Workers in insecure jobs experienced the lion’s share of initial job loss in the early days of the pandemic, cruelly concentrating the costs of the downturn on those who could least afford it. Casual workers lost employment eight times faster than those in permanent jobs. Part-time workers lost work three times faster than full-time workers, and insecure self-employed workers (those without incorporation or without any employees) lost work four times faster than those in more stable small businesses.

Now, however, the rebound of employment since the initial lockdowns is being dominated by a surge in insecure jobs. Casual jobs account for almost 60% of all waged jobs created since the trough of the recession. Part-time work accounts for almost two-thirds of all new jobs. And very insecure positions (including own-account contractors and ‘gigs’) account for most of the rebound in self-employment.

So without measures to improve job stability, the post-COVID labour market will clearly be dominated by insecure work – setting us up for future economic, social, and public health risks in the future.

Multiple job-holding provides further evidence that the labour market, for many people, provides only fractured, incomplete, precarious opportunity. In the December quarter of 2020, there were over a million ‘secondary jobs’ in Australia (where a person is working that job in addition to another role) – the highest in history. Secondary jobs surged by 27% from June through December 2020 (alongside other types of insecure work).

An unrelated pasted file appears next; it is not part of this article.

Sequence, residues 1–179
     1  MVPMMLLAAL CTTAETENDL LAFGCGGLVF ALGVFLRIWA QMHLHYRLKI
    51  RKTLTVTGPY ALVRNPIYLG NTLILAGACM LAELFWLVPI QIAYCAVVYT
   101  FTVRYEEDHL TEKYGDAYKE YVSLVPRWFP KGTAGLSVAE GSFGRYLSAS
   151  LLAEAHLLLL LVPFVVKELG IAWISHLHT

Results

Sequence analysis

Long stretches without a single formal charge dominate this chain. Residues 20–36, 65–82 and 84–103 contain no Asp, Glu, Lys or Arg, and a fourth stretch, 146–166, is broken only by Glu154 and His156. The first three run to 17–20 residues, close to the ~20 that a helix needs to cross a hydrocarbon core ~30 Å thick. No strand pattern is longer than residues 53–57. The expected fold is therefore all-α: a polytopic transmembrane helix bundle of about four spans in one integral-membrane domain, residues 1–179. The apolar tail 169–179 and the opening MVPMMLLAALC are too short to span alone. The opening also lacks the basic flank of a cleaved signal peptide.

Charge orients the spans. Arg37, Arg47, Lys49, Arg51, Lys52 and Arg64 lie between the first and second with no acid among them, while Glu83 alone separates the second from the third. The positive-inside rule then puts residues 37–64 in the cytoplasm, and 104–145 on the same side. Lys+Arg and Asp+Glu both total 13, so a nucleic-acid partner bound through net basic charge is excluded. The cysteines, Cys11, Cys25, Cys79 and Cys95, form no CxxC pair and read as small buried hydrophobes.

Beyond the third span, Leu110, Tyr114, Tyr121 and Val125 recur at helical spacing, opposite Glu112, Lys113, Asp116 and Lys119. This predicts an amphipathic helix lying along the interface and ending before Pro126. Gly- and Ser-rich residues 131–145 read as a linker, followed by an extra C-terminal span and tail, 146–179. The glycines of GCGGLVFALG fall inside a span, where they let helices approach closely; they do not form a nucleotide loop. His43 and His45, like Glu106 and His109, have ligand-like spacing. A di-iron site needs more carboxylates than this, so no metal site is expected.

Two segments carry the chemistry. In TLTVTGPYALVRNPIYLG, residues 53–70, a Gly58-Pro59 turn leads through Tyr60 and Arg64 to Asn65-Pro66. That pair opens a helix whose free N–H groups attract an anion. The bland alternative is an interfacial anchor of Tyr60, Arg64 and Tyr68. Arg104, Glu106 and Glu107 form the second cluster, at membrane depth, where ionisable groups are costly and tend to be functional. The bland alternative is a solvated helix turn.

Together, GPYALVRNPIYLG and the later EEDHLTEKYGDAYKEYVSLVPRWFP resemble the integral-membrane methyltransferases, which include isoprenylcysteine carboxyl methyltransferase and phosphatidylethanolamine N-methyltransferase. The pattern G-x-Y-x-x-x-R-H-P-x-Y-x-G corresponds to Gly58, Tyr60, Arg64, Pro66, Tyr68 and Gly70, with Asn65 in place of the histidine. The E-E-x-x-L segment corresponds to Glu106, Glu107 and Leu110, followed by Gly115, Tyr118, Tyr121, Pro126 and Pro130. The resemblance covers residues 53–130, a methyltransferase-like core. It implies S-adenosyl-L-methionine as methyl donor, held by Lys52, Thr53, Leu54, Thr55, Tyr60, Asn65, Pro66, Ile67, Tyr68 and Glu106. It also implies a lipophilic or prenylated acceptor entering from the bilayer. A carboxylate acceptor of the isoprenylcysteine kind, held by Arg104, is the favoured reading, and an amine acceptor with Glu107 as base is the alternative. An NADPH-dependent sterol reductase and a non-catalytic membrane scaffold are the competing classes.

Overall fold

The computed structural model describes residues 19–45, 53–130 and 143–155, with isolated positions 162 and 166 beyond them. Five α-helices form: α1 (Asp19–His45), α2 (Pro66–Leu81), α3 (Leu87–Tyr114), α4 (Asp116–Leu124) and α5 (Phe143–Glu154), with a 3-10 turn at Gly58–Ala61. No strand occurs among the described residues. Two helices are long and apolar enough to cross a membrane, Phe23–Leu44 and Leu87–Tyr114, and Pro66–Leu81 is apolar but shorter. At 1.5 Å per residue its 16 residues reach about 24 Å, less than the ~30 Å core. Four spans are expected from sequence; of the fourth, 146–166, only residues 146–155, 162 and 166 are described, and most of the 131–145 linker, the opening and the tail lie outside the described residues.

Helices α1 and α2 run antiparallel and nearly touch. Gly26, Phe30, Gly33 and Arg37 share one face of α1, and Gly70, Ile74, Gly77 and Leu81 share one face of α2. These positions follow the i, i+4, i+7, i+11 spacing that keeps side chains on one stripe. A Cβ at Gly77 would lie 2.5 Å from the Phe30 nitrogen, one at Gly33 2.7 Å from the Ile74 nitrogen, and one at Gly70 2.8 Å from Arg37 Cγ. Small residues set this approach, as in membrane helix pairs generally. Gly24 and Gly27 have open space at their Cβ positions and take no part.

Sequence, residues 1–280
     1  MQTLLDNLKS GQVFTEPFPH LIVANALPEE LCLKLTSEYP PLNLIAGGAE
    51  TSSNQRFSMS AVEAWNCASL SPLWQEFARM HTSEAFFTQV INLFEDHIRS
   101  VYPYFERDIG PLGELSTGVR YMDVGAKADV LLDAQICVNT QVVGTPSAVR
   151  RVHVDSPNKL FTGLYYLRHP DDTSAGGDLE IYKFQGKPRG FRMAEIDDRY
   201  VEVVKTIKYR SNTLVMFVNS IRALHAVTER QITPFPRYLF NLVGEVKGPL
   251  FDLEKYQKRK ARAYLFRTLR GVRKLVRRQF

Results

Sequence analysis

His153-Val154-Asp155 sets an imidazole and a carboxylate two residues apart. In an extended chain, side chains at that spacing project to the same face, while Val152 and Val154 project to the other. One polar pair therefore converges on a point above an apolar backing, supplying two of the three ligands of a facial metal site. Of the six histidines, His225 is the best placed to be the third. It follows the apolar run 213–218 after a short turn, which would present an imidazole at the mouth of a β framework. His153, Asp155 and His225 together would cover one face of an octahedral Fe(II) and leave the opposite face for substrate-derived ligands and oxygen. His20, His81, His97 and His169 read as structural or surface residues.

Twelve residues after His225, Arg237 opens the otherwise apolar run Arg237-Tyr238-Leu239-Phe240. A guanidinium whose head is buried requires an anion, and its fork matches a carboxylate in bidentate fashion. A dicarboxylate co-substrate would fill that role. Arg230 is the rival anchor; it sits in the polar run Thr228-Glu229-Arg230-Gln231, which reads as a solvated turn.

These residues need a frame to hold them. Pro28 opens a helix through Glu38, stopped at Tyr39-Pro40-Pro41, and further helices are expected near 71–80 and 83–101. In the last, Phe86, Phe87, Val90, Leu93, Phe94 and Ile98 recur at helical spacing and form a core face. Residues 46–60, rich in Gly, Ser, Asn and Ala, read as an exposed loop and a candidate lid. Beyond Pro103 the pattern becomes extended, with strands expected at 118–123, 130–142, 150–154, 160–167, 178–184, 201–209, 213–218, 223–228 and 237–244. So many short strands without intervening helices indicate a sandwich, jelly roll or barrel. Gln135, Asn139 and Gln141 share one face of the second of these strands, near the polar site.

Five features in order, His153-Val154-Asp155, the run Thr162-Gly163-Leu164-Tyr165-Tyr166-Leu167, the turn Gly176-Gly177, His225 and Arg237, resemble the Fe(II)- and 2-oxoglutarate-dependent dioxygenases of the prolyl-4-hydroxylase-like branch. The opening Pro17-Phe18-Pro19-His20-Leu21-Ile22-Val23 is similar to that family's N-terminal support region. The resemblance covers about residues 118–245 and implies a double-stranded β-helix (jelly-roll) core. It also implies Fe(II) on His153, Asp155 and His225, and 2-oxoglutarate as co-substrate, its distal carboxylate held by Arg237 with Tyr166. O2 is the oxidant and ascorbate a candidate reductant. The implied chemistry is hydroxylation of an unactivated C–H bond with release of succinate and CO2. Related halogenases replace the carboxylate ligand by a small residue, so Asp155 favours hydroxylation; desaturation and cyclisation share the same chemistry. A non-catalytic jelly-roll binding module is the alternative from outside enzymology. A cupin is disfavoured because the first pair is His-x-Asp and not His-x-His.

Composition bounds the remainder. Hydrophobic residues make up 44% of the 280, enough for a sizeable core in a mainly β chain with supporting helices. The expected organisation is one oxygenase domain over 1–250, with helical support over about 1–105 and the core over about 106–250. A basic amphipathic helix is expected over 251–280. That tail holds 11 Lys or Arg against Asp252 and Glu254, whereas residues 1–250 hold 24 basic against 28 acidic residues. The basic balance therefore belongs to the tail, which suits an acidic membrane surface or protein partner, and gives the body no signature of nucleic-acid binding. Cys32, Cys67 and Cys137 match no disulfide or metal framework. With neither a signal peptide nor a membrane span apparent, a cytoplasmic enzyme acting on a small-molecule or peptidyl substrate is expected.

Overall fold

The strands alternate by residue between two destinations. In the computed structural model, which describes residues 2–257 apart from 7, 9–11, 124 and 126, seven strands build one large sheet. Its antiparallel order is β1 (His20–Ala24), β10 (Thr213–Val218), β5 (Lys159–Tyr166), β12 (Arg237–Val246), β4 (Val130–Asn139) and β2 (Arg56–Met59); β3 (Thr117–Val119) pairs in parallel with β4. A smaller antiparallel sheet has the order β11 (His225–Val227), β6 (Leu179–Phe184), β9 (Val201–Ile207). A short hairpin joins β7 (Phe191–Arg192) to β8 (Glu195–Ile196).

These jobs now account for 7.2% of all employment in Australia – also the highest in history. As we have tragically been reminded, multiple job holding poses enormous risks: not just on workers forced to juggle multiple positions to make ends meet, but for quality of care and public health.

Finally, the broader social and familial stresses unleashed by the pandemic have also been exacerbated by insecure work. This problem has a particularly gendered slant: women do most of the unpaid work in our society, and carrying this burden of unpaid work is made even more difficult when paid work is precarious and unreliable. Family demands do not suddenly disappear when there is an opportunity to pick up a casual shift. And for the worker, the consequences of turning down that shift can be damaging and long-term – likely leading to fewer hours subsequently offered by that employer.

Avoidable outbreaks of COVID-19 provide further proof that Australia needs to roll back precarious work, and ensure all workers have basic security, stability and entitlements.

Australia has among the highest reliance on insecure work arrangements of any industrial country. That precarity is not natural or inevitable, it is the result of deliberate policy choices. And in the wake of COVID-19, Australia should be making different ones.

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Dan Nahum

Dan Nahum is Economist with the Australia Institute’s Centre for Future Work. His research interests include industrial transformation, labour markets in low-carbon economies, government finances, and inequity and inequality. He holds a Masters of Political Economy from the University of Sydney, where he focused on the moral dimensions of climate change, and an Honours degree in Psychology from Macquarie University.